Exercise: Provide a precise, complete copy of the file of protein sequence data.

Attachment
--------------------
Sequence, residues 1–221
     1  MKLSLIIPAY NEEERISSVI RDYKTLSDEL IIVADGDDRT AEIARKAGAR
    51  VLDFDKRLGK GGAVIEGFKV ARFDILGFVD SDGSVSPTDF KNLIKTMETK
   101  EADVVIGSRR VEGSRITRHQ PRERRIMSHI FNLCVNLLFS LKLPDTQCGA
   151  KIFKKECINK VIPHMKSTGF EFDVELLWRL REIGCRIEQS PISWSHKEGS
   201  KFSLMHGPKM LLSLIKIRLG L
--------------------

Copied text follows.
Sequence, residues 1–221
     1  MKLSLIIPAY NEEERISSVI RDYKTLSDEL IIVADGDDRT AEIARKAGAR
    51  VLDFDKRLGK GGAVIEGFKV ARFDILGFVD SDGSVSPTDF KNLIKTMETK
   101  EADVVIGSRR VEGSRITRHQ PRERRIMSHI FNLCVNLLFS LKLPDTQCGA
   151  KIFKKECINK VIPHMKSTGF EFDVELLWRL REIGCRIEQS PISWSHKEGS
   201  KFSLMHGPKM LLSLIKIRLG L